Patient-physician racial/ethnic concordance and blood pressure control: the role of trust and medication adherence

Antoinette Schoenthaler, Enid Montague, Linda Baier Manwell, Roger Brown, Mark D Schwartz, Mark Linzer
Ethnicity & Health 2014, 19 (5): 565-78

OBJECTIVES: To examine the associations between racial/ethnic concordance and blood pressure (BP) control, and to determine whether patient trust and medication adherence mediate these associations.

DESIGN: Cross-sectional study of 723 hypertensive African-American and white patients receiving care from 205 white and African-American providers at 119 primary care clinics, from 2001 to 2005. Racial/ethnic concordance was characterized as dyads where both the patient and physician were of the same race/ethnicity; discordance occurred in dyads where the patient was African-American and the physician was white. Patient perceptions of trust and medication adherence were assessed with self-report measures. The BP readings were abstracted from patients' medical charts using standardized procedures.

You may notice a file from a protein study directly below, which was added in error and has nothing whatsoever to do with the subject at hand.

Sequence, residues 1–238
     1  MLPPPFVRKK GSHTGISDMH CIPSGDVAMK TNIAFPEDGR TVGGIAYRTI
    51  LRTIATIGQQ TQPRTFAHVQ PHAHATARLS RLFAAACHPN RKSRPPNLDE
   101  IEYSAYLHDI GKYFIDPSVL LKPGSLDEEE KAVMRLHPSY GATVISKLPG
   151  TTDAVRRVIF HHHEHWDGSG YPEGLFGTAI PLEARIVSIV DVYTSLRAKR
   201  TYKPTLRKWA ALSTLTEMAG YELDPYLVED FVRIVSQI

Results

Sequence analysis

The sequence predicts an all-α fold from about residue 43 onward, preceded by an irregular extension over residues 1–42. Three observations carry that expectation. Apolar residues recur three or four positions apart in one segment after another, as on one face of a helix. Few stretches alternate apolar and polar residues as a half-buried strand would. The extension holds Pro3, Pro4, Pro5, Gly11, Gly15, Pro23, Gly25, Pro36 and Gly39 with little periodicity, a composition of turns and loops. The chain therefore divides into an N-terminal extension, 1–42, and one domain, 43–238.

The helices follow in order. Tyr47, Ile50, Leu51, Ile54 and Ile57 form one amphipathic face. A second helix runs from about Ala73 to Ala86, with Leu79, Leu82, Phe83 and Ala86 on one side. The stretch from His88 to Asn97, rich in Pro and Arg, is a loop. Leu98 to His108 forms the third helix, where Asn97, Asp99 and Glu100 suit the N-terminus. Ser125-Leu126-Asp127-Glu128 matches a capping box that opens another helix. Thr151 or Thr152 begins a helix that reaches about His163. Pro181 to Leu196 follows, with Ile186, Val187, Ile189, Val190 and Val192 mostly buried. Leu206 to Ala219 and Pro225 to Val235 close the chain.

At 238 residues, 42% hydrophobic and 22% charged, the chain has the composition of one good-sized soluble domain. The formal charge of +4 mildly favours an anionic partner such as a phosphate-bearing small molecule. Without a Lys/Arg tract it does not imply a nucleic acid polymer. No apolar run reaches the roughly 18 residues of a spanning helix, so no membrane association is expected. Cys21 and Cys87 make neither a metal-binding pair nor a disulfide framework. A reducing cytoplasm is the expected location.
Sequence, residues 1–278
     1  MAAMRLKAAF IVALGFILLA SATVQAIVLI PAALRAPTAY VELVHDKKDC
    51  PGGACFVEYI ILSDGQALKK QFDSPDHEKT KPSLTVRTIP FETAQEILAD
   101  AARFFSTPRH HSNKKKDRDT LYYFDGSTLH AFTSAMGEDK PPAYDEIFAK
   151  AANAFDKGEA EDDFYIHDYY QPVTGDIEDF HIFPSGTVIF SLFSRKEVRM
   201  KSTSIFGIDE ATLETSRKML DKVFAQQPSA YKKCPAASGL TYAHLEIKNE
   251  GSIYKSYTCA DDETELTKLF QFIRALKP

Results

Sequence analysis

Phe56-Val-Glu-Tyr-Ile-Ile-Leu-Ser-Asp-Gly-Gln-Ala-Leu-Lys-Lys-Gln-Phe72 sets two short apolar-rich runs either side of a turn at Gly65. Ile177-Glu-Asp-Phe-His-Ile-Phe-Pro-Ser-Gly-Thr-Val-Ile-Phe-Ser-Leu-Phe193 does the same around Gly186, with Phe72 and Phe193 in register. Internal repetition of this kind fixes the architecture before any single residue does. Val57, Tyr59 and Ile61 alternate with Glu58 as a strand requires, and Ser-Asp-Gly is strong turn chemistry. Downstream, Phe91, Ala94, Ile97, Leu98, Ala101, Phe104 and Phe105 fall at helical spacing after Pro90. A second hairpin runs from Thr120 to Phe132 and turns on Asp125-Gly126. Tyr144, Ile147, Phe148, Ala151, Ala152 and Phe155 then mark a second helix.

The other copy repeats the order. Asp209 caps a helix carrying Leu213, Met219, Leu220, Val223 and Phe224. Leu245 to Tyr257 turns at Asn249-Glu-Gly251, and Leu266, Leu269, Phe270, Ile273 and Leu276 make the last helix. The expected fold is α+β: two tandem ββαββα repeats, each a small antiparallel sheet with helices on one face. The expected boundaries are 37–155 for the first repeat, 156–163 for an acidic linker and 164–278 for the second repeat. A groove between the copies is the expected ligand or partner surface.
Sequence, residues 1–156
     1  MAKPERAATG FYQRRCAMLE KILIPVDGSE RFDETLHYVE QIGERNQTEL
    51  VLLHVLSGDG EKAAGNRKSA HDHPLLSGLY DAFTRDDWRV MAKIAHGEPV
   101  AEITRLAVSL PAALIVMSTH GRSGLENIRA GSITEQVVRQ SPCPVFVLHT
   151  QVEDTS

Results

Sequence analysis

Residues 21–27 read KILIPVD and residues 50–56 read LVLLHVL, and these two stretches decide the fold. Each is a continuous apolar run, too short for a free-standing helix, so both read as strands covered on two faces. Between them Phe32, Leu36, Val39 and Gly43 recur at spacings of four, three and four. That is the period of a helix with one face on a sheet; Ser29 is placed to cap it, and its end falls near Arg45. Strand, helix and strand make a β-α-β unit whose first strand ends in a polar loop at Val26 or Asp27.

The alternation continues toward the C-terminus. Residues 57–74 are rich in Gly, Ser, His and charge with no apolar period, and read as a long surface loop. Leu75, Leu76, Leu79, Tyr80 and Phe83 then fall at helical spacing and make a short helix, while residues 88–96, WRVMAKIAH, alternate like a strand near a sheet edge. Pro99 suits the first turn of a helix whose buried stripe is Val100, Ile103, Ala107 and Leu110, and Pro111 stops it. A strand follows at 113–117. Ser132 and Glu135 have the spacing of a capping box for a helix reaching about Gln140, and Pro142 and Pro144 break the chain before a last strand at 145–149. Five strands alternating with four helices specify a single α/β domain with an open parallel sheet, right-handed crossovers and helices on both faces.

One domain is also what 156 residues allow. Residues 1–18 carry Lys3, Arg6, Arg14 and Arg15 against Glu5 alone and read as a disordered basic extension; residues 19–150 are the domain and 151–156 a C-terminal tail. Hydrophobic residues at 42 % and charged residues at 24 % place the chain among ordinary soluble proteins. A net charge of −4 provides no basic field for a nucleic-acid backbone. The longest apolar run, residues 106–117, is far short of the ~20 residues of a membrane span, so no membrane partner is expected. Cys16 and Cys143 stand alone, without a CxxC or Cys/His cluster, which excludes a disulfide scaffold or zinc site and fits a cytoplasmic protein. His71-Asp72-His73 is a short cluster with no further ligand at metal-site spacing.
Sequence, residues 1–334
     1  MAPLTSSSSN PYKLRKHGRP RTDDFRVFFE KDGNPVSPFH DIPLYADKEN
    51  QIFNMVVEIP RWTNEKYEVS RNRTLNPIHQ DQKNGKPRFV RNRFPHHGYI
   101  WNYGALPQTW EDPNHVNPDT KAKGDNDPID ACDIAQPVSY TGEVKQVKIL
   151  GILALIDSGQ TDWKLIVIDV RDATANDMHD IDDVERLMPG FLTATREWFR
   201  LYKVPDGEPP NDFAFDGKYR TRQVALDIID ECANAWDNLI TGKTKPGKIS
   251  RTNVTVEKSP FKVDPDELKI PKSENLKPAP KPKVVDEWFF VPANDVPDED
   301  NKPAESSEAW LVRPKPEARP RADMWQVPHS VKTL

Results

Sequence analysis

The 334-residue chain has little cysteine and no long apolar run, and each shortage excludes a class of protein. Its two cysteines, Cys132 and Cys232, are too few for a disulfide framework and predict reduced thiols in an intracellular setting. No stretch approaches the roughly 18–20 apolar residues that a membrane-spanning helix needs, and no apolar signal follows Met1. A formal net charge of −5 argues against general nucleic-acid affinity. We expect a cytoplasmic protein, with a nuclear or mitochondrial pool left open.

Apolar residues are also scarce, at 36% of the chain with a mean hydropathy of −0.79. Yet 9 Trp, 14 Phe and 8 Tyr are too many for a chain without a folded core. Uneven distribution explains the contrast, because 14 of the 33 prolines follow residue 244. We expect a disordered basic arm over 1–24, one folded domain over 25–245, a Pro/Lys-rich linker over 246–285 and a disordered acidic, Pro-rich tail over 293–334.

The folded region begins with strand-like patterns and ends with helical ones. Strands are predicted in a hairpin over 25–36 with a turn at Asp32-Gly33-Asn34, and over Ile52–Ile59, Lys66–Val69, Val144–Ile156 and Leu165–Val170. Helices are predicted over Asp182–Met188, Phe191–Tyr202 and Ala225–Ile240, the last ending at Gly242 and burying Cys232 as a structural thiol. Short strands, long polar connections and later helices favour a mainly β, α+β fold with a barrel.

RESULTS: Six hundred thirty-seven patients were in race/ethnic-concordant relationships; 86 were in race/ethnic-discordant relationships. Concordance had no association with BP control. White patients in race/ethnic-concordant relationships were more likely to report better adherence than African-American patients in race/ethnic-discordant relationships (OR: 1.27, 95% CI: 1.01, 1.61, p = 0.04). Little difference in adherence was found for African-American patients in race/ethnic-concordant vs. discordant relationships. Increasing trust was associated with significantly better adherence (OR: 1.17, 95% CI: 1.04, 1.31, p < 0.01) and a trend toward better BP control among all patients (OR: 1.26, 95% CI: 0.97, 1.63, p = 0.07).

CONCLUSIONS: Patient trust may influence medication adherence and BP control regardless of patient-physician racial/ethnic composition.

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